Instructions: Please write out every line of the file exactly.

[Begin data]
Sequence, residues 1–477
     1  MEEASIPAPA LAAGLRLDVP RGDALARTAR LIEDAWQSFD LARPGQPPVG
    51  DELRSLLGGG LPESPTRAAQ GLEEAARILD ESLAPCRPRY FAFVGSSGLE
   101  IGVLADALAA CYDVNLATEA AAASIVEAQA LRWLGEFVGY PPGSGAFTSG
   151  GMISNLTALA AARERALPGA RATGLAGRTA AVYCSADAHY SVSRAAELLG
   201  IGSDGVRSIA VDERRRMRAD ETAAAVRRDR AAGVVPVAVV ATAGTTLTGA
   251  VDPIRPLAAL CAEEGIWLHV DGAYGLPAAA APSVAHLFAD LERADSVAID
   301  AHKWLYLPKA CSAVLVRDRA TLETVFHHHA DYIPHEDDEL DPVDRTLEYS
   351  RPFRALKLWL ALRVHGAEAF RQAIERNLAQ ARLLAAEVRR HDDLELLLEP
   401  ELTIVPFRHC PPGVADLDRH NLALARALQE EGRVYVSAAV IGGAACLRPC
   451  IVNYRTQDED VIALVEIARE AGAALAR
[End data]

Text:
Sequence, residues 1–477
     1  MEEASIPAPA LAAGLRLDVP RGDALARTAR LIEDAWQSFD LARPGQPPVG
    51  DELRSLLGGG LPESPTRAAQ GLEEAARILD ESLAPCRPRY FAFVGSSGLE
   101  IGVLADALAA CYDVNLATEA AAASIVEAQA LRWLGEFVGY PPGSGAFTSG
   151  GMISNLTALA AARERALPGA RATGLAGRTA AVYCSADAHY SVSRAAELLG
   201  IGSDGVRSIA VDERRRMRAD ETAAAVRRDR AAGVVPVAVV ATAGTTLTGA
   251  VDPIRPLAAL CAEEGIWLHV DGAYGLPAAA APSVAHLFAD LERADSVAID
   301  AHKWLYLPKA CSAVLVRDRA TLETVFHHHA DYIPHEDDEL DPVDRTLEYS
   351  RPFRALKLWL ALRVHGAEAF RQAIERNLAQ ARLLAAEVRR HDDLELLLEP
   401  ELTIVPFRHC PPGVADLDRH NLALARALQE EGRVYVSAAV IGGAACLRPC
   451  IVNYRTQDED VIALVEIARE AGAALAR